We have characterized pharmacological properties of inositol trisphosphate (InsP3)-mediated calcium entry pathway in Xenopus oocytes via activation of Ca2+-dependent Cl− channels (ICl,Ca) as a sensitive indicator for increase in cytosolic [Ca2+]. This type of Ca2+ entry mechanism is known as a capacitative Ca2+ entry (CCE). Voltage-clamped oocytes were maintained in Ca2+-free medium and injected with InsP3which depleted the InsP3-sensitive Ca2+ stores. 10–20 min later, the oocytes were exposed, at 2–3 min intervals, to 5 mM Ca2+-containing medium for 5–10 s which evoked repeated inward Cl− current. No effect of external Ca2+ was apparent before InsP3 injection. To determine the pharmacological characteristics of CCE, oocytes were incubated with various chemical agents in Ca2+-free solution and exposed to Ca2+ again in presence of the chemical. It was found that organic Ca2+ channel blockers were relatively ineffective in blocking CCE while the inorganic Ca2+channel blocker La3+ was most efficient in blocking the current. Attempts to measure conductance increase when the Cl− channels were blocked during activation of Ca2+ influx were unsuccessful. Therefore we tested the hypothesis that the Ca2+ influx is mediated via a CaH transporter. Lowering the external pH (to pH 6.5) or application of the protonophore carbonylcyanide p-trifluoromethoxyphenyl hydrazone (EC50 = 2 × 10−8M) effectively blocked CCE. Since CaH countertransport in the plasma membrane is coupled to Ca2+ extrusion by Ca-ATPase in vascular smooth muscle we suggest that the capacitative Ca2+ entry in Xenopus oocytes may possibly arise from slippage of plasma membrane Ca-ATPase coupled to proton countertransport, a mechanism reported in a variety of cells. Ca2+slippage may arise from the large Ca2+ gradient produced by the Ca2+ depletion protocol.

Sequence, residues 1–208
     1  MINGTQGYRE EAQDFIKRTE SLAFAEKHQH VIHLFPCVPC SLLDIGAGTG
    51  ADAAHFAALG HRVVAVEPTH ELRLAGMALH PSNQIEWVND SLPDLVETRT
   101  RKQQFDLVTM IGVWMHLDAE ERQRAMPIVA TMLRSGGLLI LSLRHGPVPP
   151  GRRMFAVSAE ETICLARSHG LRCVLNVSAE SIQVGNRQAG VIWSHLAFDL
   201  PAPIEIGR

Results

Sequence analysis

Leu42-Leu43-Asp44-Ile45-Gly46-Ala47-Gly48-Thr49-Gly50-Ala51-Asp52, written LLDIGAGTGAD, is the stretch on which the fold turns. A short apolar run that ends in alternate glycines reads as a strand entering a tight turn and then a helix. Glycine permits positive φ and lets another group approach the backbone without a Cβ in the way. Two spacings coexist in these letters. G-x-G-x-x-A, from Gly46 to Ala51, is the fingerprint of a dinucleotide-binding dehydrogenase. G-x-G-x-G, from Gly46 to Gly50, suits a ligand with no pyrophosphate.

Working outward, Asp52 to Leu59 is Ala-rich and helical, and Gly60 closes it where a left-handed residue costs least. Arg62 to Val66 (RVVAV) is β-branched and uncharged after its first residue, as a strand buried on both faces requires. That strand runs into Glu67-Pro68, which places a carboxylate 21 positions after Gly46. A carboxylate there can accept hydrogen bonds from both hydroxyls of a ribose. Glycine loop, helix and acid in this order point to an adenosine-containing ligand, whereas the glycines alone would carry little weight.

Pharmacology of a capacitative Ca2+ entry in Xenopus oocyte
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